So now, we have to place that setup.php file somewhere within our project, and modify the command line accordingly:
php .\vendor\nette\tester\src\tester.php -c .\tests\php.ini --setup .\tests\setup.php .\tests
Woo! We’re getting all the individual tests here. From now on, we’ll have a tracking of when each of them failed, so we’ll know not only that something is broken, but also what.
Still, there’s room for improvement. Performance is a major factor nowadays, so having an idea of how long the test took would be a big help in case we’d introduce a major slow down in one of the commits and only find out later. For this reason, TeamCity offers a timeline of duration, so you can see whether the increasing of test duration was gradual, or (as is often the case) sudden, and therefore usually easy to pinpoint to a specific commit and a specific feature.
There’s a problem there tough: Nette Tester doesn’t call the OutputHandler when a test is starting, only when it’s finishing. Still, as with most things Nette, the code is elegant and easy to customize. I added the support for a new StartAwareOutputHandler in 14 lines of code, not including definitions and tests. Feel free to either cherry-pick that commit, or use the whole fork (however, I’d recommend rebasing to the current Nette Tester version after that, as I probably won’t be maintaining that fork much).
Now, we’ll just upgrade the setup.php with the newly introduced start method, move the testStarted message into it and implement a time-measuring associative array. Here’s my take at it.
With that done, the same command line step will yield durations, and after a few builds, a nice test duration timeline.
That’s about all that can be done for tests, but there’s still the issue of code coverage. You probably want to track how your coverage is changing over time, so that you know that the sudden prevalence of bugs reported from production is caused by your decision to rush development and skip tests. We’ve all been there :-)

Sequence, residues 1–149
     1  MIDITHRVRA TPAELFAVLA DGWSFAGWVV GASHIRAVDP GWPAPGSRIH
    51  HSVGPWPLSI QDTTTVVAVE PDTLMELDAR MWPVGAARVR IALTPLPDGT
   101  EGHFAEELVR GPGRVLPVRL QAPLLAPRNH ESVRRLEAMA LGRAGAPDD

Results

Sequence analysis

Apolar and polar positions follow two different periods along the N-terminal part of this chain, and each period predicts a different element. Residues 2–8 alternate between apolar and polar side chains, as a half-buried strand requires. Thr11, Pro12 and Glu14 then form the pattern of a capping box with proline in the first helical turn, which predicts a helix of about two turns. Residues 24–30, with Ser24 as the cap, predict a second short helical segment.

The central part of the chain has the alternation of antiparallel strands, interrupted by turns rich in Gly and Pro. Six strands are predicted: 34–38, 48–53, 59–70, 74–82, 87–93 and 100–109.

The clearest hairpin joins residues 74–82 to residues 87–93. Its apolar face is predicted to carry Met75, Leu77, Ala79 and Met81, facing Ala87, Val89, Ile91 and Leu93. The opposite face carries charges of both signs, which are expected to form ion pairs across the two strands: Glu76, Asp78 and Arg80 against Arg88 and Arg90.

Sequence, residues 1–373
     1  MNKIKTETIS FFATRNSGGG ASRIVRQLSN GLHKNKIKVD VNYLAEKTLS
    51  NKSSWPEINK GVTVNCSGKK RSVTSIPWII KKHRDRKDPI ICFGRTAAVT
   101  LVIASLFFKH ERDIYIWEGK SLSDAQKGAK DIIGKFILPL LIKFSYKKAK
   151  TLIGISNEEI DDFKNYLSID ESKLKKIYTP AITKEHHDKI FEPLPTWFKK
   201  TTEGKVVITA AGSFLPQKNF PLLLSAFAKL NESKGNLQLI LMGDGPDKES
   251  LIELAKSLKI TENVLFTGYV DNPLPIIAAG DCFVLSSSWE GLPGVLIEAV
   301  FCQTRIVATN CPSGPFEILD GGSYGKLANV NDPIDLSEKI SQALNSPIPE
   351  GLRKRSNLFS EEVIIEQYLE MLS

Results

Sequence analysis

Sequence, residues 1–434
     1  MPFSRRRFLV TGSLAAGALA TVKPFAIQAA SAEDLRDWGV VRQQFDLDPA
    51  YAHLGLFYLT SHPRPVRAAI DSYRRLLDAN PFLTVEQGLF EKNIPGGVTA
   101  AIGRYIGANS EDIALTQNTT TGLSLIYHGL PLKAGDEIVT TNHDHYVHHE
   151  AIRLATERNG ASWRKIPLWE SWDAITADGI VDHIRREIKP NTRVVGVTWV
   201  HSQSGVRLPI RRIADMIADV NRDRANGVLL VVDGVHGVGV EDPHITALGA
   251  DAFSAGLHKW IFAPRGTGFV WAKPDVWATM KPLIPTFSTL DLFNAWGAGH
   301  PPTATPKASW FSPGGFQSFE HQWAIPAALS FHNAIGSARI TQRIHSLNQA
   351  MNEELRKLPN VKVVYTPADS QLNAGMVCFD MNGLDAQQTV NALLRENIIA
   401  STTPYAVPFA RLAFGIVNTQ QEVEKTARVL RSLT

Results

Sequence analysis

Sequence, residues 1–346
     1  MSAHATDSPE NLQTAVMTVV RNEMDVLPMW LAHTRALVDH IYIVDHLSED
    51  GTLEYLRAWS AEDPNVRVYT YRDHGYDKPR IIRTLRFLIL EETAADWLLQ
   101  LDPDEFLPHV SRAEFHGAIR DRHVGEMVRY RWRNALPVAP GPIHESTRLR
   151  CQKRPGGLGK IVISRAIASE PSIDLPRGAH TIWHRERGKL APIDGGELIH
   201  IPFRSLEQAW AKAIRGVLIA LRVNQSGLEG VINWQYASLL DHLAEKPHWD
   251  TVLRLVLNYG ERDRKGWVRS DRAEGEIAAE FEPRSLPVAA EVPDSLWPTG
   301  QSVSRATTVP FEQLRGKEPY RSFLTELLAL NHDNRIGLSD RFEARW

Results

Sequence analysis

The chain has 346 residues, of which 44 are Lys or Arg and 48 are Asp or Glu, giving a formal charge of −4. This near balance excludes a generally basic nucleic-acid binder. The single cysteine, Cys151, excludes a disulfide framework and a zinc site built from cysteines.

Again, integrating Code Coverage reports into TeamCity is not something that works out-of-the-box, but is doable. For statistical purposes, we’ll use the XML output. NT uses the Clover format, same as PHPUnit, but again, TeamCity prefers its own message format. And again, there is a simple, already existing solution on GitHub. We’ll need to include the file with composer install (as is described in the readme), and then we’ll need to modify our test runner to both output the coverage XML to a file, then add a new step to read that XML, stdout the TeamCity messages and finally either delete the XML or archive it as a build artifact. I’m going to delete it, as I’ll be archiving the human-readable HTML report instead.
The new Tester command is straightforward, we’ll just add the coverage option and the sources root for it (otherwise, coverage will be generated for all files, including /vendor)